What should I remember to remain successful as an independent contractor?

What should I remember to remain successful as an independent contractor?

The Fundamentals

The independent contracting process is based on some fundamental principles. Don’t forget the following:

  • You have to know what it is you’re trying to sell.
  • You have to focus your client search efforts.
  • You have to get through to someone who can make a hiring decision. Clients care about themselves, not you.
  • Make your clients talk about themselves and listen.
  • Ask for it instead of waiting to be asked.
  • Get it in writing.
  • Get used to “no” and don’t pay it any mind.
  • Act like a professional.
  • Act like you’re really independent and under contract.

The mystical process derived from these principles can be reduced to just four steps:

  1. Identifying and contacting new clients. You start by locating organizations that could possibly use your services. You then make contact with those organizations and identify the person who can make the decision whether or not to use your services. When you do, you contact that person and set up a meeting.
  2. Meeting with the client. During the meeting, you determine the organization’s needs and problems, and also start the process of convincing the hiring individual that you’re the one who can help them solve these problems.
  3. Presenting a proposal to the organization. You put together a plan of action to solve the organization’s problems, which includes the tasks you’ll perform, the schedule for completing those tasks, and how much you’ll get paid. To accept your proposal, the hiring individual just signs it in the space provided.
  4. Doing the contracted work. Once your proposal is accepted, you perform the tasks you proposed and get paid.

Remember–you’re not an employee!

We can’t place enough emphasis on those words “independent” and “contractor,” because you can’t succeed as an independent contractor unless you grasp the full ramifications of those two words.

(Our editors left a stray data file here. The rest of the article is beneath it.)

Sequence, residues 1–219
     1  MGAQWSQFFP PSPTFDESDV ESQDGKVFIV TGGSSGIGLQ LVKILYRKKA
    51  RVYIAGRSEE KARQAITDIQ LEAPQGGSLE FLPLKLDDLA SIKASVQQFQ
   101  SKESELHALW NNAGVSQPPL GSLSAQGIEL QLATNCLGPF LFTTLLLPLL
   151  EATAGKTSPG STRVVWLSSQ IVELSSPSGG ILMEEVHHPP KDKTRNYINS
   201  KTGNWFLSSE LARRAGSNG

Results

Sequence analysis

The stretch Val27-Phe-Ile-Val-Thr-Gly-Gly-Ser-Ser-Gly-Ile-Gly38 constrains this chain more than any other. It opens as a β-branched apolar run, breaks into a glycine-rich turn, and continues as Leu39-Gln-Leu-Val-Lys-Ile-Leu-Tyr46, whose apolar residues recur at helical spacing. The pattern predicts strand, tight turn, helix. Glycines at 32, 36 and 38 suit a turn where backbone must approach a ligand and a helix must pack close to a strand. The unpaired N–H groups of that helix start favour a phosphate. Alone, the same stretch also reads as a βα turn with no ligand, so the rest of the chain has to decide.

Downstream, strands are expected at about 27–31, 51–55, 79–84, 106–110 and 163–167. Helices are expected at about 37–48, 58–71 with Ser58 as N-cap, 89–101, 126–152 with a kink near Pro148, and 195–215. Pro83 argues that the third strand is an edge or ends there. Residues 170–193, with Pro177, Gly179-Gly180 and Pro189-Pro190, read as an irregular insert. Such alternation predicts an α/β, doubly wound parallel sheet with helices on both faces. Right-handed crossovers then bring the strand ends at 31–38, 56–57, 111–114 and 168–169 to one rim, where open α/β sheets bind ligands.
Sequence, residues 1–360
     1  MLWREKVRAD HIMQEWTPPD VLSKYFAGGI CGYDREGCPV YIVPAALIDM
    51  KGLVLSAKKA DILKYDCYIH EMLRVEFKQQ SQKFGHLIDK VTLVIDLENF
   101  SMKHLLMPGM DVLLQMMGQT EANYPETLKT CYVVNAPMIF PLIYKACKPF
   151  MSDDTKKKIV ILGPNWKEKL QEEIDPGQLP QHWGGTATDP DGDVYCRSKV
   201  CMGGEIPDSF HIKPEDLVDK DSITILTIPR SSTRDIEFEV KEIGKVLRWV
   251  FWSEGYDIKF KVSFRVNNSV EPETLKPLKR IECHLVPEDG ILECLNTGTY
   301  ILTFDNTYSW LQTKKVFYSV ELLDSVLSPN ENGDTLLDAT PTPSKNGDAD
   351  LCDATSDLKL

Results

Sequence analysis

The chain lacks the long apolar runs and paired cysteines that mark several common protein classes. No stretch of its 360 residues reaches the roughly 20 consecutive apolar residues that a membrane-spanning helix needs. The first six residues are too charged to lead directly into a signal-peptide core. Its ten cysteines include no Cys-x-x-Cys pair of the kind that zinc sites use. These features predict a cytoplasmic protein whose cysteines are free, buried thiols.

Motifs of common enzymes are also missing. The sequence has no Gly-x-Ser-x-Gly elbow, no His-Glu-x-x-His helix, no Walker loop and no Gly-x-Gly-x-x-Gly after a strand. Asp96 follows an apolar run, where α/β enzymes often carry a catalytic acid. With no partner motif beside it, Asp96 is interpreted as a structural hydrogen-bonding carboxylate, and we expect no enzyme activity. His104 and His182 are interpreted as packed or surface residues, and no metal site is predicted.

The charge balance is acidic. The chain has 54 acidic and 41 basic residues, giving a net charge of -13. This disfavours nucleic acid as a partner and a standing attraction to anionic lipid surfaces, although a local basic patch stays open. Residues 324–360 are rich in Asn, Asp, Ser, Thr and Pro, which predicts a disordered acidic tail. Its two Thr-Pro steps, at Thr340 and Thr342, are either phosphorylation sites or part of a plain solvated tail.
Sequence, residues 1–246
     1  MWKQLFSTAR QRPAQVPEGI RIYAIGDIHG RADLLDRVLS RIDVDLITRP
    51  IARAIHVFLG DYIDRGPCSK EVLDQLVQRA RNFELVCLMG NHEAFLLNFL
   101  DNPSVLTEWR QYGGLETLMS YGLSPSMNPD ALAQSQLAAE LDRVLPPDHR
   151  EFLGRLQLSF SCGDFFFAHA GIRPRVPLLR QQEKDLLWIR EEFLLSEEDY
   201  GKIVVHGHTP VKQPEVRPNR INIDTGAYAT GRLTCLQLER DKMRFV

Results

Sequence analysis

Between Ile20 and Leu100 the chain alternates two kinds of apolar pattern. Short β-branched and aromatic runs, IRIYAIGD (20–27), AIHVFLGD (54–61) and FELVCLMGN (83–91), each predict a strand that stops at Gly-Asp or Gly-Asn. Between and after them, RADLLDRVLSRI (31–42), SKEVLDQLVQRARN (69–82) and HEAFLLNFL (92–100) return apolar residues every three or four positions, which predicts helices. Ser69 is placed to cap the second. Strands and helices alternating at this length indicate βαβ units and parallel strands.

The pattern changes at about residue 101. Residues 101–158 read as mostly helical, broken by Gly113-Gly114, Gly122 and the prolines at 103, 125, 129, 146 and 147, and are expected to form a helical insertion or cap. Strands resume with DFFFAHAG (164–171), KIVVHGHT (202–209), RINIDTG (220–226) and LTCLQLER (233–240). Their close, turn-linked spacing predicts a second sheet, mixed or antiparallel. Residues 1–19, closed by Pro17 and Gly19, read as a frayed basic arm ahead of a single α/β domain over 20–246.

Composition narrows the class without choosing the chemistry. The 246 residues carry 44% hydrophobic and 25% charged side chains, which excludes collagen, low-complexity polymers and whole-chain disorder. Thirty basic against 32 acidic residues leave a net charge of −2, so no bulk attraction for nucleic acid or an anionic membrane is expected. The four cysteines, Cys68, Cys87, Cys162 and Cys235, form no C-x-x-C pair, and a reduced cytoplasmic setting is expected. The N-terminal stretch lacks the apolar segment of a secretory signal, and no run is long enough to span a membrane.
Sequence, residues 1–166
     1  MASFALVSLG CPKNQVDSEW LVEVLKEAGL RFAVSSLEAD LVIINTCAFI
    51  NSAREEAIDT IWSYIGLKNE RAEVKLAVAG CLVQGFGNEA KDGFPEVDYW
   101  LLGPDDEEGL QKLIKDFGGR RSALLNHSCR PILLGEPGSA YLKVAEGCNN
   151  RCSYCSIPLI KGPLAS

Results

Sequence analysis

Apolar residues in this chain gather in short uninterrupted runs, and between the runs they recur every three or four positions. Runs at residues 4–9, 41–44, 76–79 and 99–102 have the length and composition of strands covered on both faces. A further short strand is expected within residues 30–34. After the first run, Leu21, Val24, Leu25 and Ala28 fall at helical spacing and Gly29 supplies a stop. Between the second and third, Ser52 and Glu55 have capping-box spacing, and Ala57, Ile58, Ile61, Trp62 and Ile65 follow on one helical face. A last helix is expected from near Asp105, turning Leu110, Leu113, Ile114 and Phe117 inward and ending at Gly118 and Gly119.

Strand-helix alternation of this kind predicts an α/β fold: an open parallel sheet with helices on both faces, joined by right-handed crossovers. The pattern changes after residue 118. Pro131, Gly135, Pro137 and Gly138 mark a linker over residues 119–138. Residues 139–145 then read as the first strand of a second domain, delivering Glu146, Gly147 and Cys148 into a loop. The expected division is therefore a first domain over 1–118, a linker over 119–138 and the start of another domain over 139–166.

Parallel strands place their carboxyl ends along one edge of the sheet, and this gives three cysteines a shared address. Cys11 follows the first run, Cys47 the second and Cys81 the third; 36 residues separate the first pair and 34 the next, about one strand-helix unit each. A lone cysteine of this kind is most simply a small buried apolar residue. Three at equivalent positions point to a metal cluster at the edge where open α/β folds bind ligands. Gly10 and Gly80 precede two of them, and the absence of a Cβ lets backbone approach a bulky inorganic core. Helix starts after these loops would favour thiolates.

Since you’re independent, you don’t need anyone else to provide you with motivation, skills, or resources necessary to do a good job. You are able to assess your performance, know when you are not performing satisfactorily, and are able to take steps to improve your performance. You take the initiative in performing tasks, and understand that a good effort or a good excuse isn’t an acceptable substitute for desired results. You’re comfortable shouldering the responsibility for completing an assignment satisfactorily; this is good because that responsibility is inherently yours.

You’re an independent contractor, not an employee. Don’t forget it! With that in mind:

  1. Keep records. Since your relationship with an organization is contractual, you will need to keep written records of everything affecting your contract.
  2. Assert your independence. Clients who insist on treating you like one of the “hired help” are not being malicious; they’re just forgetful. You’ll need to politely but clearly assert your independence in such situations.
  3. Keep track of your finances. Your financial record keeping is the lifeblood of your business.
  4. Invoice. Invoicing is one of the most important elements of working on your own. If you don’t send out invoices, you won’t get paid.
  5. Collecting payment. In our experience, if you stay on top of your invoicing, after choosing your clients wisely, you’ll have very few problems with uncollected bills. When you do, make sure you follow up every phone conversation with a letter to your contact person at the company. As mentioned earlier, the best way to avoid such difficulties is to be selective about who you take on as a client.
  6. Ethics. Professional ethics is an important consideration for an independent contractor in any field. Many professions have a written code of ethics. If yours does, it’s a good idea to read it and know what’s in it. If you always tell clients the truth and keep them fully informed on events affecting assignments you perform for them, you’ll go a long way toward avoiding any ethical.
  7. Angle for more assignments. The importance of repeat business lies simply in the fact that it costs more money to develop proposals and to seek out new clients. When you’re selling, you’re not making money.
  8. Keep your overhead down. Needless expense has brought down countless independent contractors. Every expense not directly related to producing income is suspect.

Adapted from On Your Own: How to Escape the Corporation and Make More Money as an Independent contractor, by Carol Lewis and Harry Helms.

Learn more about Independent Contracting – Common Questions

Tags: , , , , , , , , ,